There are certainly some characteristics of the Celtic Christianity concept that are close to the original practice of the faith among Celtic peoples.  First, those believers had a very strong regard for Creation so they readily responded to teachings about the Creator God.  They lived close to the land, the seasons, and animals, so they felt a strong tie to both Creation and Creator.  Their experience of Creation was real and vital as was they connection to the Creator God.

Second, these early believers had a great respect for each other—men and women created in the image and likeness of God.  They saw the goodness of humankind before the fall and grounded their belief in that original state of innocence rather than in the consequences of the Fall and the idea of original sin.  Church history reports that both women and men held places of considerable authority in the church among the Celtic peoples. This ecclesiastical equality reflects the egalitarian treatment of men and women in early Irish law.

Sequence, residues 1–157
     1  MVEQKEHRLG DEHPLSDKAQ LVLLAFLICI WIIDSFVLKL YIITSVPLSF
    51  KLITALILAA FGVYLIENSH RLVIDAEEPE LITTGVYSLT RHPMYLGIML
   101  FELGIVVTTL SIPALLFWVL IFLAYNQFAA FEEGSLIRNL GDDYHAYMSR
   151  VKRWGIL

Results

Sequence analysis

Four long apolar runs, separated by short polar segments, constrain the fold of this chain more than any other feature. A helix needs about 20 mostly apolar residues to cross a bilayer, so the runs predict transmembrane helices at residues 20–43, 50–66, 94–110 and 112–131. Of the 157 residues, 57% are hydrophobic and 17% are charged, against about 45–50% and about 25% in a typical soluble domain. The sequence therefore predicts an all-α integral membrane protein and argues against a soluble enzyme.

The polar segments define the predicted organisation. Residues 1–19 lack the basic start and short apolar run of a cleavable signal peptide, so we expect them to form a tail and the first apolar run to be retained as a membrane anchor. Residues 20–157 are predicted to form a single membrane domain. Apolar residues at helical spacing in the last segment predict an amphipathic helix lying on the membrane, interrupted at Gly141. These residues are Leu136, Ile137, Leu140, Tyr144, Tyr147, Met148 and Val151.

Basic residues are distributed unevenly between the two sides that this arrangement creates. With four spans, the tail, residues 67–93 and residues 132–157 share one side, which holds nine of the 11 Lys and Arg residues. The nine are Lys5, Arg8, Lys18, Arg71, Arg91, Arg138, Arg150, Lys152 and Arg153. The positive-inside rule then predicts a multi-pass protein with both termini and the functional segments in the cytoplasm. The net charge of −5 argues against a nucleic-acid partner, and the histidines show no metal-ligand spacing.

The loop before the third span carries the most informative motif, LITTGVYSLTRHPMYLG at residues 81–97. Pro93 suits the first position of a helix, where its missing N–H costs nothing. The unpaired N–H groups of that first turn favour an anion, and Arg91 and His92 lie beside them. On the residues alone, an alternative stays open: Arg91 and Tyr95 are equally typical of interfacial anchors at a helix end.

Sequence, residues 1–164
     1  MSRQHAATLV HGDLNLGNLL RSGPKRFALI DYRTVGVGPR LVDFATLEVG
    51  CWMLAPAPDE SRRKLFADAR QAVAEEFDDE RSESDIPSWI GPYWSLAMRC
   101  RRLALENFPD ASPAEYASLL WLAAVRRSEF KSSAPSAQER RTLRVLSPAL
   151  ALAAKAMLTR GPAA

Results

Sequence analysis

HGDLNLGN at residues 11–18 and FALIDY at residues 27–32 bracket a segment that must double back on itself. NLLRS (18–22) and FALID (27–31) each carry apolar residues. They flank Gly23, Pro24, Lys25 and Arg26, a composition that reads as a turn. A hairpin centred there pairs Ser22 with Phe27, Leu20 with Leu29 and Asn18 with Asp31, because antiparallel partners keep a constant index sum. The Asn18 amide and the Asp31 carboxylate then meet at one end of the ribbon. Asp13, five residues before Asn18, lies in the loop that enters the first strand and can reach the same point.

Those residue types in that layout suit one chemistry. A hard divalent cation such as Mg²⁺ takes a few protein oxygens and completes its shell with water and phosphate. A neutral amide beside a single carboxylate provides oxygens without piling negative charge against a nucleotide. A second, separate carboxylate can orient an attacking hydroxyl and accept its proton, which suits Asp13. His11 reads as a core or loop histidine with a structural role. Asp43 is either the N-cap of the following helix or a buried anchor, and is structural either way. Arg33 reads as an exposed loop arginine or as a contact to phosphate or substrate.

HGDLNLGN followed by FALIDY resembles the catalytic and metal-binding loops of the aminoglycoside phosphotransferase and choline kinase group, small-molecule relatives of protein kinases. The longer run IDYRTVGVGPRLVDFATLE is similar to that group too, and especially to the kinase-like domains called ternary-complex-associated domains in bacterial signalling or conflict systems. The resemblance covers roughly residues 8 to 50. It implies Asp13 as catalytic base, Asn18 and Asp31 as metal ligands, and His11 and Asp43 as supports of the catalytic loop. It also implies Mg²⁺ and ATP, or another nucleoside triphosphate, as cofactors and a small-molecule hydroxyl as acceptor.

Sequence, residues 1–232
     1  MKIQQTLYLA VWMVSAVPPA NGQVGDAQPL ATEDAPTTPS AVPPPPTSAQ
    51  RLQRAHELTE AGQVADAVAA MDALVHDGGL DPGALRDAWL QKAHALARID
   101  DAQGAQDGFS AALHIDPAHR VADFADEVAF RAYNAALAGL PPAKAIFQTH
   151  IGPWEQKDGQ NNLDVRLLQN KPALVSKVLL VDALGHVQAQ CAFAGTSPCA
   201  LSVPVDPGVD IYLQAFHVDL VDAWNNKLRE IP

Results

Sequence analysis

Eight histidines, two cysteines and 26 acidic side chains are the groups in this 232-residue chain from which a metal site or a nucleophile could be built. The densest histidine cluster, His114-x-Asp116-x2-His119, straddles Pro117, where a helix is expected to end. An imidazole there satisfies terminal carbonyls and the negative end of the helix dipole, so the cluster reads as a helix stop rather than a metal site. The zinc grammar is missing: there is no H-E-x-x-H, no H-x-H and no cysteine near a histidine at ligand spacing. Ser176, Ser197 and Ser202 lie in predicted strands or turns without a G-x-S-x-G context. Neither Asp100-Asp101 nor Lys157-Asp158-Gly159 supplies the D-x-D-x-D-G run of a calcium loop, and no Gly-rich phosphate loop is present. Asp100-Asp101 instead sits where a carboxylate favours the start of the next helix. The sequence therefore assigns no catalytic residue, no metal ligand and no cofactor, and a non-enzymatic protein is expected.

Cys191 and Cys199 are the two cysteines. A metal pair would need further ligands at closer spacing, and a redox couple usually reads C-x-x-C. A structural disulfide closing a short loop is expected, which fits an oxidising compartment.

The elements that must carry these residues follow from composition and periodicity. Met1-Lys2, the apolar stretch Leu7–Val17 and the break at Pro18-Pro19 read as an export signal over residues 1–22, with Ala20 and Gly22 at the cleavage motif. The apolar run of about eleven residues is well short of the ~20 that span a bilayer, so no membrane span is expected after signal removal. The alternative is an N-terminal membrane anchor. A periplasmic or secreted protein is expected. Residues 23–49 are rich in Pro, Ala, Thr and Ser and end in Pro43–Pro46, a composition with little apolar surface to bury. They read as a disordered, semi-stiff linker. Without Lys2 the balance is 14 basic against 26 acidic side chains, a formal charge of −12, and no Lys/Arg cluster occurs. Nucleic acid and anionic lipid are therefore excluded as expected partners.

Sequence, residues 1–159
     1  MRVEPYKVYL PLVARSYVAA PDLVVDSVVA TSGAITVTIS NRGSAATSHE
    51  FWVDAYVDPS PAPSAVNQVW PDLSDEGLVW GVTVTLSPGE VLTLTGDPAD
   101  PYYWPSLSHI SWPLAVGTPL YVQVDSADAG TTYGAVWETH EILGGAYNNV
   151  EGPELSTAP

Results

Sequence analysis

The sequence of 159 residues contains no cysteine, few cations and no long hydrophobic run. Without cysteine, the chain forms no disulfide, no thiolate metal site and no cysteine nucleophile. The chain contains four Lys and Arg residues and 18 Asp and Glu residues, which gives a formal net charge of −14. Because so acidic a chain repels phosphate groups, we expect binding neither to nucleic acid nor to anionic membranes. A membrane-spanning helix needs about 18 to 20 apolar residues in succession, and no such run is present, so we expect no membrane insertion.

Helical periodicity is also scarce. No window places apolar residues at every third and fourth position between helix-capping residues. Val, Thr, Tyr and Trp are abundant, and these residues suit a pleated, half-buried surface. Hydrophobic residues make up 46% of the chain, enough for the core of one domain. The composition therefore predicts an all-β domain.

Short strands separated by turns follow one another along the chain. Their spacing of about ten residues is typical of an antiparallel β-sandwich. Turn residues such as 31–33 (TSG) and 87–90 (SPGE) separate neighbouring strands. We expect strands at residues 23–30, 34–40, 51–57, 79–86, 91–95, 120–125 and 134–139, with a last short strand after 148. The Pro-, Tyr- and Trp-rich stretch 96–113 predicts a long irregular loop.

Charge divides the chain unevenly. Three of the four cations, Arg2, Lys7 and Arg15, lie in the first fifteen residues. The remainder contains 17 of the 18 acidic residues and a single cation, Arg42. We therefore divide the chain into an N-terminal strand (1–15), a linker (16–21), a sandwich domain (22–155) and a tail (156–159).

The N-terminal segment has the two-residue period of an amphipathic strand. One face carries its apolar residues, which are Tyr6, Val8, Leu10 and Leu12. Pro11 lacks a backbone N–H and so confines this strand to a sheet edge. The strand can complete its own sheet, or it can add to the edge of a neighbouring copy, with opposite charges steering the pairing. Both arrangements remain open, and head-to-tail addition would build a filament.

Third, they valued community.  They saw community as a vital part of being human.  Within community—both ecclesiastical and secular—people worked together, held each other accountable, and supported one another in time of need.  They also saw community as the place of redemption.  This is certainly what Christian community should provide as well.

Just as the lives of the saints call us to be better people, the accounts of Celtic Christianity challenge us to reenvision the true essence of the Christian faith.  Both Patrick and Celtic Christianity call us to fresh perspectives on our faith.

(This post originally appeared on this site on March 14, 2012)